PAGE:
Green energy and electoral areas hold key to Kerry elections

Almost half of the candidates running in the Kerry local elections are sitting councillors, reports Anne Lucey.

Green energy and electoral areas hold key to Kerry elections

Almost half of the candidates running in the Kerry local elections are sitting councillors, reports Anne Lucey.

Green energy, new electoral areas. and the loss of the town council in Killarney are set to play a role in the Kerry local elections, where almost half the candidates running are sitting councillors.

Some 62 candidates are running for 33 seats. Just three councillors are retiring, including Graham Spring, the mayor of Tralee and the last Spring to be involved in Kerry politics.

The boundaries in Kerry have been drastically redrawn since 2014, with six local areas now instead of four and a narrowing of focus on the major towns of Tralee and Killarney. The population is 147,707.

The new three seater ‘Corca Dhuibhne’ encompasses the Gaeltacht peninsula of Dingle and runs as far as English-speaking Milltown in mid-Kerry, one of the fastest growing towns in the country.

Two sitting councillors here are back on the ballot papers seeking re-election. Castleisland is finally its own four-seat local electoral area. Cut from Tralee and Killarney, three sitting councillors — Fine Gael’s Pat McCarthy, and Bobby O’Connell and Fianna Fáil’s Thomas McEllistrim — are seeking to be returned. The emergence of strong new faces familiar from the Castleisland community are likely to be factors. However, Jackie Healy-Rae, 23, from Kilgarvan, who is son of TD Michael, is putting in a strong performance.

The Healy-Rae machine is mounting a highly visible poster and trailer advertising campaign across the districts and large branded vehicles are crisscrossing the county. They will be closely watched this time.

Danny’s daughter Maura, also based in Kilgarvan, teaches in Co Cork and was co-opted onto Killarney on the election of her father to the Dáil of her father. She is seeking election for the first time. Danny polled more than two quotas in Killarney in 2014.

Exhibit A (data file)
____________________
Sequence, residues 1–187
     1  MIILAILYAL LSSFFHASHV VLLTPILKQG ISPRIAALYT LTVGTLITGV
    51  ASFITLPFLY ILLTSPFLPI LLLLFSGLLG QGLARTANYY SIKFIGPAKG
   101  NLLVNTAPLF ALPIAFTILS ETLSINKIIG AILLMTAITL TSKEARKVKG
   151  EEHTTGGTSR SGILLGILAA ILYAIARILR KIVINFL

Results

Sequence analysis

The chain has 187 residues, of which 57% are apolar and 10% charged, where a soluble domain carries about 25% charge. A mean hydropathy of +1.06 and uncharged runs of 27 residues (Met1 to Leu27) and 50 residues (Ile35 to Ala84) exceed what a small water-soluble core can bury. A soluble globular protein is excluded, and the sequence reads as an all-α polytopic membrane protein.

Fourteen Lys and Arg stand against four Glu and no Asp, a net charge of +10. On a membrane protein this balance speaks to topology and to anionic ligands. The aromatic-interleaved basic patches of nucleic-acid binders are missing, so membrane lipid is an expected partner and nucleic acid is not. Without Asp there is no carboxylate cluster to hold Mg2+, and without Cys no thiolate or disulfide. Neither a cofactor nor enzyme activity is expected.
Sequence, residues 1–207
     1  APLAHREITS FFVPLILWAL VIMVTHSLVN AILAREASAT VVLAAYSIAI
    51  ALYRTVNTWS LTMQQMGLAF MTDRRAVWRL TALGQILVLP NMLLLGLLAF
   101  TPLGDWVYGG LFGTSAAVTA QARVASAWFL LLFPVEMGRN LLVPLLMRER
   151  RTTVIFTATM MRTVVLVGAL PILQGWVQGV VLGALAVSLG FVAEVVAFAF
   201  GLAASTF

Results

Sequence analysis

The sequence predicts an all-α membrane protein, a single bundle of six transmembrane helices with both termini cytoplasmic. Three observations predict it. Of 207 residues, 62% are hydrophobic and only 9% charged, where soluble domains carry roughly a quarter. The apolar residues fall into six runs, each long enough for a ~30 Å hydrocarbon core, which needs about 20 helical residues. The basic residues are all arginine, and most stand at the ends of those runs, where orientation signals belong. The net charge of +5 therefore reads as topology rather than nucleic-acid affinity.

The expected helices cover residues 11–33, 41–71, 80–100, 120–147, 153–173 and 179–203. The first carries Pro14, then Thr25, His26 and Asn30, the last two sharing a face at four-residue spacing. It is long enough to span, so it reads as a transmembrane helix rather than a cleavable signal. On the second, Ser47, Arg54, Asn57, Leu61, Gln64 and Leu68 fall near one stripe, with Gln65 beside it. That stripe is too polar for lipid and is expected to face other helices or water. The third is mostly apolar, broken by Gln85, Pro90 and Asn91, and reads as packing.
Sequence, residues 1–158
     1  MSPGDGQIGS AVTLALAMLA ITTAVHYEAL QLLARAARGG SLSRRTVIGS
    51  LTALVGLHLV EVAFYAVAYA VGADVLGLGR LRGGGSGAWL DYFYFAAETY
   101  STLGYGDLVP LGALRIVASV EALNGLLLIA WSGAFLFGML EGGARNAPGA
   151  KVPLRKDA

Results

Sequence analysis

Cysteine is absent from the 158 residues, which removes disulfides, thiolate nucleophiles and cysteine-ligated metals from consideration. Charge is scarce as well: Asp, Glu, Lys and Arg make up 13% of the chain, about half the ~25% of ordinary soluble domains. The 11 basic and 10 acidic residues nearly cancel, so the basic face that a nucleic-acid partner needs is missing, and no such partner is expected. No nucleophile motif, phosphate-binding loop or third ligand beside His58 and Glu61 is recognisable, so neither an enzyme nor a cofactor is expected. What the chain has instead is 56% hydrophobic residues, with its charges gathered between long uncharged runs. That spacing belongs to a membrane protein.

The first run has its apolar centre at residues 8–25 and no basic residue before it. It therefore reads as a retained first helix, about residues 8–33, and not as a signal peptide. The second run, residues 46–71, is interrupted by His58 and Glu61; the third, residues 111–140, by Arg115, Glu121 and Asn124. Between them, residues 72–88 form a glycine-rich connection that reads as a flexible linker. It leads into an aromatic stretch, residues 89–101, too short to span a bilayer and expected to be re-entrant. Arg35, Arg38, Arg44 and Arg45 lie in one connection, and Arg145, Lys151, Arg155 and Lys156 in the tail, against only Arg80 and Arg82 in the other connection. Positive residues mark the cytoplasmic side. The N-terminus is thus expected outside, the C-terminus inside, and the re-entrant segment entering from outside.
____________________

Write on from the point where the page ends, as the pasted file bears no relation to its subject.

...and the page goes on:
Danny’s son Johnny Healy-Rae, who also polled a remarkable one-and-a-half times the quota in first preferences in the south and west in 2014, has a narrower and more hotly contested area this time. In Corca Dhuibhne and Tralee, two Independents — councillor Sam Locke and David Russell — are strongly affiliated to Michael Healy-Rae.

In Killarney just 10 candidates, six of them sitting councillors, are running for seven seats. The abolition of the town council hit Killarney hard and there is anger that the town’s traffic and housing problems have not been addressed.

Six of the candidates going forward are sitting councillors but three new candidates may pick off not just one but two seats in Killarney. These include former mayor of Killarney, hotelier Niall ‘Botty’ O’Callaghan, who is running a non-canvass, online campaign, former Labour senator Marie Moloney, and the Sinn Féin candidate John Buckley, who narrowly missed a seat last time out has made the national park a priority.

In contrast to Killarney, Tralee has 17 candidates for seven seats in Tralee. Six are sitting councillors. The sitting council has worked well together and all are likely to be returned. Sinn Féin has added a third at the last minute — former town councillor Cathal Foley, who is likely to be in the contest along with former Fianna Fáil councillor for the town Johnny Wall.

The resurgence of the Green Party is one of the features of the 2019 election in Kerry. Killarney had the first Green councillors in Ireland in the late 1980s but the party has since flagged. Now, though, there are three Greens running in Kenmare, Tralee, and Dingle.

Oil exploration is starting off the Kerry coast, with promises of up to 600 jobs if oil is found. The Greens have already staged a ‘keep it in the ground’ protest at Kerry Airport. However, wind and green energy have proved controversial in Kerry; In the six-seater Listowel, where six sitting councillors are seeking to retain their seats, chartered accountant John O’Sullivan is standing for a reversal of the 2012 landscape strategy which deemed most of coastal north Kerry non-scenic and suitable for wind turbines.

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